The latest and greatest for kids and teens: Winners of the 2013 ALA Youth Media Awards
Think back to the first books that grabbed your attention. It’s possible you weren’t even able to read yet, but the stories and illustrations were enough to capture your imagination or inspire a new world. For me, it was Dr. Seuss’ “The Cat in the Hat.” It was the first story I could read on my own, and it still holds a special place on my bookshelf.
The books, videos and other media made for children and young adults are an important part of the literary landscape. They are titles that can create a lifelong passion for reading and learning. In celebration of these stories, the American Library Association announced today the results of the 2013 Youth Media Awards, including the winners of the coveted Newbery, Caldecott and Carnegie medals.
Here are a few of the highlights. Click on the title to see availability at your local Anythink location:
- John Newbery Medal for most outstanding contribution to children’s literature: “The One and Only Ivan” written by Katherine Applegate
- Randolph Caldecott Medal for most distinguished American picture book for children: “This Is Not My Hat” written and illustrated by Jon Klassen
- Coretta Scott King Book Award for recognition of an African-American author of outstanding books for children and young adults: “Hand in Hand: Ten Black Men Who Changed America” written by Andrea Davis Pinkney and illustrated by Brian Pinkney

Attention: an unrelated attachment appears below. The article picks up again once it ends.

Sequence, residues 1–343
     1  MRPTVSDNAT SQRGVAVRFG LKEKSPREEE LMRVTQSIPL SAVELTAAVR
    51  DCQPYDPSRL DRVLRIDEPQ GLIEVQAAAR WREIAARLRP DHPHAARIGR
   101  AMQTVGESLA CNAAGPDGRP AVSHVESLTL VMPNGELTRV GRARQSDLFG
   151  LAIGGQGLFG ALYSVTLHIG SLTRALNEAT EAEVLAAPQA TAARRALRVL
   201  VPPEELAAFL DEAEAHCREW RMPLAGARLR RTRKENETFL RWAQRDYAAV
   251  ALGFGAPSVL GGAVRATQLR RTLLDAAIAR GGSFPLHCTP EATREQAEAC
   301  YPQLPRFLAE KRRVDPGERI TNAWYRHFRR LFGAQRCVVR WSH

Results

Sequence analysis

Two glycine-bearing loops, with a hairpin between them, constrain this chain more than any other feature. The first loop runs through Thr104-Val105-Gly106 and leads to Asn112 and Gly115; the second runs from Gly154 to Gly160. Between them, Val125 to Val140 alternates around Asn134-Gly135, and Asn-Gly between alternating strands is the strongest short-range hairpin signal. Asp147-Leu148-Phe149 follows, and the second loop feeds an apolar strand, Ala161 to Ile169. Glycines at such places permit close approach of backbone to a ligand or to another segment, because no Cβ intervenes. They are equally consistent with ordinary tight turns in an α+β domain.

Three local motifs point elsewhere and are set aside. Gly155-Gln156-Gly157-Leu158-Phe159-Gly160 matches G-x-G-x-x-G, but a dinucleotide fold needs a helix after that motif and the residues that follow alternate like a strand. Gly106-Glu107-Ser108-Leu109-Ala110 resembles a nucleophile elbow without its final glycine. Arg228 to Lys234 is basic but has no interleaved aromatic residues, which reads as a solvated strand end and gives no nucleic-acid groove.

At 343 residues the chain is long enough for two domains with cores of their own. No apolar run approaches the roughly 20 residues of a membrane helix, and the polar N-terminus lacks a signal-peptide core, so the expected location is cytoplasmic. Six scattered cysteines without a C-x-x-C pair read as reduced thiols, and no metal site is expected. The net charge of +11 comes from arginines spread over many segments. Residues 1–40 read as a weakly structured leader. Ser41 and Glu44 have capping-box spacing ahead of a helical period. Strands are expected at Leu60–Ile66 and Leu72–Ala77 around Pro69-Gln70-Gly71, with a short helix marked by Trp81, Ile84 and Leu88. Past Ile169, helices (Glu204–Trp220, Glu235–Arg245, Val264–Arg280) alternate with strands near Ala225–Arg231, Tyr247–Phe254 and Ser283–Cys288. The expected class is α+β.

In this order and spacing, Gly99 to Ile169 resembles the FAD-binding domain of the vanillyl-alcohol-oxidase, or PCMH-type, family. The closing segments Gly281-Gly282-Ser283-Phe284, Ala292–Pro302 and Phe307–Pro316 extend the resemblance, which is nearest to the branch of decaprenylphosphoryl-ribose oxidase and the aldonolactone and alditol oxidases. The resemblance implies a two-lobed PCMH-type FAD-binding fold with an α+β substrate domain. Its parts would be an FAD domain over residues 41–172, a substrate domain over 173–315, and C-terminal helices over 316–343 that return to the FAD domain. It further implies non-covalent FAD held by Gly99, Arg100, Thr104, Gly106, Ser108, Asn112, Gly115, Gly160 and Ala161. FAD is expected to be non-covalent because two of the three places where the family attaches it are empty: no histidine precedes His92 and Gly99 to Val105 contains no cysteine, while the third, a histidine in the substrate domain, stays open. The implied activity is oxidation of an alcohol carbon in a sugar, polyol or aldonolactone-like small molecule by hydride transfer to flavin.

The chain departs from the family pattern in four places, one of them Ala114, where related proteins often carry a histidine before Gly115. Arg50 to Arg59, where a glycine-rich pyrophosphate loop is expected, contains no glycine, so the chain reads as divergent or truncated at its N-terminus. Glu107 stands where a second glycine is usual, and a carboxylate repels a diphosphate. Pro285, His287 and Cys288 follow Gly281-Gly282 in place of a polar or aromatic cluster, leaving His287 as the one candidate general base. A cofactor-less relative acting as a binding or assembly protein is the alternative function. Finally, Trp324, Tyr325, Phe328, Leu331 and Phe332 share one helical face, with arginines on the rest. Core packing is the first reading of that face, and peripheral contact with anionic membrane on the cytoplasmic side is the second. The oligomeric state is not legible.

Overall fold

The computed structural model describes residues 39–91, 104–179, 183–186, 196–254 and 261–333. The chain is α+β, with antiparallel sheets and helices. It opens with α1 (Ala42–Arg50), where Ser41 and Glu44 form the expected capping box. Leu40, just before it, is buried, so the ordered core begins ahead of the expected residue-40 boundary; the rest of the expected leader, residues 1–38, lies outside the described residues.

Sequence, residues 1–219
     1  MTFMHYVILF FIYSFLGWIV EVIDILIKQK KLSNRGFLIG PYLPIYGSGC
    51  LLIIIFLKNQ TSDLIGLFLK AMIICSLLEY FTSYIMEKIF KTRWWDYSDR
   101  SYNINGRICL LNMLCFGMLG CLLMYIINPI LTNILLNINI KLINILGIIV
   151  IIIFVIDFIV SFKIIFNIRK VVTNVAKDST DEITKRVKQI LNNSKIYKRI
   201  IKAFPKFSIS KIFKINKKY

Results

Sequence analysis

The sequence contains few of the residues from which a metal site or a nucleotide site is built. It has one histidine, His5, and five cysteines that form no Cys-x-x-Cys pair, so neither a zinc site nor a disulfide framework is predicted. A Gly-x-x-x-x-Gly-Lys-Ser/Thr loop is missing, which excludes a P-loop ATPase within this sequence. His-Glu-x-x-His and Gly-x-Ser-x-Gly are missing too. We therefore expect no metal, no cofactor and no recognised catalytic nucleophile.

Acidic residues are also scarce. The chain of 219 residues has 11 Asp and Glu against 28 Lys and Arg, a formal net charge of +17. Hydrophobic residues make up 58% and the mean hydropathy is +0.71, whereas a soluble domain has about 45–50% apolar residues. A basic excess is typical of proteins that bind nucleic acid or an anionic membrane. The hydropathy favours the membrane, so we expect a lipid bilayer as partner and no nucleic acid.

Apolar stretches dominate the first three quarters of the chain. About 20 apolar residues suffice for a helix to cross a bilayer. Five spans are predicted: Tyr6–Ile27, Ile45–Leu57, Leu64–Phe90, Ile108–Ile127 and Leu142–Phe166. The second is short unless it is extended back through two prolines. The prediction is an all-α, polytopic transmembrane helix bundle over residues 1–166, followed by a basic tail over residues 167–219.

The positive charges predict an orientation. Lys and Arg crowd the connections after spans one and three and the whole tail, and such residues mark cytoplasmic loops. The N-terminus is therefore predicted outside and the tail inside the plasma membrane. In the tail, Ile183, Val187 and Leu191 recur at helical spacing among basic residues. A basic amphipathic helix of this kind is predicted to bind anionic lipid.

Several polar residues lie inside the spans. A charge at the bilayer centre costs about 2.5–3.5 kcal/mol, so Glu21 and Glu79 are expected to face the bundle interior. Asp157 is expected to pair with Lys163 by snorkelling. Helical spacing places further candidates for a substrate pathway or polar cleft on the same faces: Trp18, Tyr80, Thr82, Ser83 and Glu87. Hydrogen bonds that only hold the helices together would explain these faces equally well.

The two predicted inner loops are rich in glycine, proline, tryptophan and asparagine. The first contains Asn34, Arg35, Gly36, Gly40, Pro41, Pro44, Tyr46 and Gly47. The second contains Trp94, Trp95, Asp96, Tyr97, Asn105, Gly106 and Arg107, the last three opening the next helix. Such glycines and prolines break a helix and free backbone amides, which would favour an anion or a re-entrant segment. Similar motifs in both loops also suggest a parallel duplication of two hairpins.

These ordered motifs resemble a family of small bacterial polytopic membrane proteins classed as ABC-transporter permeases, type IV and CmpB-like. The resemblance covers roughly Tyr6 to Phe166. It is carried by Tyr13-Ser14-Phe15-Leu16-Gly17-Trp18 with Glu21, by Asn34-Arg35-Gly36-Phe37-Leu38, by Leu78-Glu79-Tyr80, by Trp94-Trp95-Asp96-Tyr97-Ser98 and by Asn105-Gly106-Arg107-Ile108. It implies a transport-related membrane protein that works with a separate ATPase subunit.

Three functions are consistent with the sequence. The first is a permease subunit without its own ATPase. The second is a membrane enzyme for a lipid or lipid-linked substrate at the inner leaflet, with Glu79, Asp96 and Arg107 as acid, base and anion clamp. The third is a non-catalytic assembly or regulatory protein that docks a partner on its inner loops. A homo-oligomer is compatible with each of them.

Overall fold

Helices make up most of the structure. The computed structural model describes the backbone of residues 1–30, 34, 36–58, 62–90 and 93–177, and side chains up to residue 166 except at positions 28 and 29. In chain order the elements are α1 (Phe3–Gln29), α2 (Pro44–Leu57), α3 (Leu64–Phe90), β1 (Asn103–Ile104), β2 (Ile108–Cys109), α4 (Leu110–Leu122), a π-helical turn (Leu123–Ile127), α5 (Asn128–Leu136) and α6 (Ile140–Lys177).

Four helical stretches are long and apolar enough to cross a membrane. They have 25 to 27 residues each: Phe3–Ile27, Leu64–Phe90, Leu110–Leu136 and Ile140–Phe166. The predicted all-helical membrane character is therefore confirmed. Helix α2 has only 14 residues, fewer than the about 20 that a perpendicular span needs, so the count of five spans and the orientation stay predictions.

- Michael L. Printz Award for excellence in literature for young adults: “In Darkness” written by Nick Lake
- Andrew Carnegie Medal for excellence in children’s video: “Anna, Emma and the Condors” produced by Katja Torneman
- Laura Ingalls Wilder Award for an author or illustrator whose books have made a substantial and lasting contribution to literature for children: Katherine Paterson
- Odyssey Award for best audiobook produced for children or young adults: “The Fault in Our Stars” by Brilliance Audio
- Pura Belpre Award to honor a Latino writer and illustrator whose children’s books best portray, affirm and celebrate the Latino cultural experience: “Martin de Porres: The Rose in the Desert” illustrated by David Diaz and “Aristotle and Dante Discover the Secrets of the Universe” written by Benjamin Alire Saenz
- Theodor Seuss Geisel Award for the most distinguished beginning reader book: “Up, Tall and High!” written and illustrated by Ethan Long
- William C. Morris Award for a debut book published by a first-time author writing for teens: “Seraphina” written by Rachel Hartman
For the complete list of awards and winners, visit the American Library Association website. Check one out today and inspire your young reader.